News


Re-employment benefits extended for former NUMMI workers, others

U.S. Labor Secretary offers $6 milion grant to help those directly affected by plant's closure two years ago

The U.S. Department of Labor announced a $6 million grant Tuesday to continue re-employment services for more than 4,800 workers in the Tri-Valley and other parts of the Bay Area who were directly affected by the closure of the New United Motor Manufacturing Inc. auto plant in Fremont two years ago.

NUMMI was a joint venture between Toyota Motor Corp. and General Motors that opened in 1984 but the plant closed on April 1, 2010, throwing 4,700 auto union employees out of work and also affecting thousands of employees at suppliers around the Bay Area and the state.

Secretary of Labor Hilda Solis came to a re-employment center across the street from the former auto plant on June 7, 2010, to announce a

$19 million national emergency grant to provide training and support services to help former employees prepare for and get new jobs.

The supplemental grant will continue those services. The Department of Labor said the grant will help former employees at NUMMI and at 39 suppliers which were affected by the plant's closure.

Solis said in a prepared statement, "In today's competitive economy, it is crucial for displaced workers to obtain in-demand job skills."

She said, "The additional federal funding announced today ensures that workers impacted by the NUMMI closure will have access to job training and placement services to help qualify them for and connect them with jobs in growing local industries."

The grant is awarded to the California Employment Development Department, which will provide training and support services for the former

employees.

Some former employees will receive assistance under the grant in conjunction with other services provided in the form of Trade Adjustment

Assistance benefits.

The Department of Labor said national emergency grants are part of the secretary of labor's discretionary fund and are awarded based on a

state's ability to meet specific guidelines.

— Bay City News Service

Comments

 +   Like this comment
Posted by William Teller
a resident of Another Pleasanton neighborhood
on Jun 21, 2012 at 5:51 am

Once again union Obama supporters get benefits that nobody else in the private sector would. If the federal government is funding this, why aren't they funding job training and placement services for the massive amount of folks laid off from HP? And are there any metrics to show that spending this much money will have a positive economic impact or outcome for the workers? Probably not under Obama's economy.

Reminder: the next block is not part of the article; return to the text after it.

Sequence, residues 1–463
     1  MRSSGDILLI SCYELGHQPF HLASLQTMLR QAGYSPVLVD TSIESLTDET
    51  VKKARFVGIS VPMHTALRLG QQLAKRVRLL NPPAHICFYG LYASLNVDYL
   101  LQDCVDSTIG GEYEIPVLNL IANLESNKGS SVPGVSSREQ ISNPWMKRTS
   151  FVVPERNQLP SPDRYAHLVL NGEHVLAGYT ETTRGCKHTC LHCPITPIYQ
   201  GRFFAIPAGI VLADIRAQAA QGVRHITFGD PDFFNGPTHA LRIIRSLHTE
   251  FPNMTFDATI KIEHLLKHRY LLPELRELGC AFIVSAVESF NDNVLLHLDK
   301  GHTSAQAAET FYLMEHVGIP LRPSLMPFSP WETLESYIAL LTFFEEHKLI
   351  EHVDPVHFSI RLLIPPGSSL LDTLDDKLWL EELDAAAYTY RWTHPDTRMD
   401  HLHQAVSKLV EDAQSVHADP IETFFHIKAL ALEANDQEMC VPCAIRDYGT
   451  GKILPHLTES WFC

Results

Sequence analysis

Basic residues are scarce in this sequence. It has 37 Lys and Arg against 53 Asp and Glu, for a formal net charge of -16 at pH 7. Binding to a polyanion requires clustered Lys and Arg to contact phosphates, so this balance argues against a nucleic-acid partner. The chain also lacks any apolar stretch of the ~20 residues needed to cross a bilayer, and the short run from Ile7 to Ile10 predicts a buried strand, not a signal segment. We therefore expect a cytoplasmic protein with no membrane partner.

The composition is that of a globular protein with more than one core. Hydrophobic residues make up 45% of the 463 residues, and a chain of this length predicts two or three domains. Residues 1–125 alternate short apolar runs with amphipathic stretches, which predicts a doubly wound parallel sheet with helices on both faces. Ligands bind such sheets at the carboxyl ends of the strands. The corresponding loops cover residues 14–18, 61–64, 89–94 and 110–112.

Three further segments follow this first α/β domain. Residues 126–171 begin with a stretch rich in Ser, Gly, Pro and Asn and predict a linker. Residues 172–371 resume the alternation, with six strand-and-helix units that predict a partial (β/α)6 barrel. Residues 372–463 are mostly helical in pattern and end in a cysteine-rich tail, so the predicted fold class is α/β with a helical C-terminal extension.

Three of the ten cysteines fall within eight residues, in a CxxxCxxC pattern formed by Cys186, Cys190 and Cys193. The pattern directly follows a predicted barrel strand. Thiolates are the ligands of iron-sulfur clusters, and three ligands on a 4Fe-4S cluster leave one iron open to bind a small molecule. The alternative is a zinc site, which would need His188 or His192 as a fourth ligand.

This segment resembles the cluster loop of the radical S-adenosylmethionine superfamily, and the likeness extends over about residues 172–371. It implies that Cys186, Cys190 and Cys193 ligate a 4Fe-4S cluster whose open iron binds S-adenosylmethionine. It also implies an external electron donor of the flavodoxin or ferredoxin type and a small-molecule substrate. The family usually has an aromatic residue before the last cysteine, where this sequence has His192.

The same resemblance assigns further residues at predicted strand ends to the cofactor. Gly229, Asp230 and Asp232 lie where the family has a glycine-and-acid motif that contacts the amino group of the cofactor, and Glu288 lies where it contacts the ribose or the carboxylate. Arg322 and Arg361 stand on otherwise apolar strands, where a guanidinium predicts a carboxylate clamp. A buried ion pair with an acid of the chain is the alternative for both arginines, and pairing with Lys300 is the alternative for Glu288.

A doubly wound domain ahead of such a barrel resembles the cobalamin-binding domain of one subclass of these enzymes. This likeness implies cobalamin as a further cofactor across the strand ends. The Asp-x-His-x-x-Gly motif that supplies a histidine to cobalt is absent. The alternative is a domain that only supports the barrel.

+   Like this comment
Posted by steven
a resident of Stoneridge
on Jun 21, 2012 at 11:17 am

Its all a shamm. Even the incompitant public workers wont get any of the money because the grate one Obama will sifone off the cream to pay off his terrorist buddies. Four years there have been programs for private secter workers and they never work. They just sit and collect tax money for hard workers like me. We cant expect it to work with the incompitants.


 +   Like this comment
Posted by Bill
a resident of Amberwood/Wood Meadows
on Jun 21, 2012 at 11:53 am

It is interesting that the day that this grant was given, all of a sudden re-election signs for Pete Stark appeared around the perimeter of the NUMMI Re-employment Center (UAW union hall). This grant was given, not out of concern by the Labor Department, but the re-election bid by Pete Stark and his band of merry men (union bosses).

There were a number of companies in 2008 and 2009 that shed employees left and right with no concern for the WARN Act, no severance pay, and sometimes not even paying the employees' saved up vacation pay. I didn't see any public officials flocking to help these employees.

NUMMI employees were given 18 months warning before the plant closed. They were given severance and allowance pay. Oholone College bent over backwards to offer re-training assistance.

Enough is enough. If after 3 1/2 years if a person hasn't learned a new skill they never will. Time to cut the public assistance gravy train. Let Toyota pick up the tab. After all they are the ones that created this situation to begin with.


 +   Like this comment
Posted by Ron
a resident of Vineyard Hills
on Jun 21, 2012 at 12:36 pm

@ Bill- if anyone is to pick up the tab, I would turn to General Motors. They were the other part of this joint venture that decided to leave. This is the same GM that also received a bailout, remember??


 +   Like this comment
Posted by Bill
a resident of Amberwood/Wood Meadows
on Jun 21, 2012 at 1:00 pm

@Ron - your right :-)


 +   Like this comment
Posted by kim
a resident of Another Pleasanton neighborhood
on Jun 21, 2012 at 2:52 pm

You are ALL right. What a sham.


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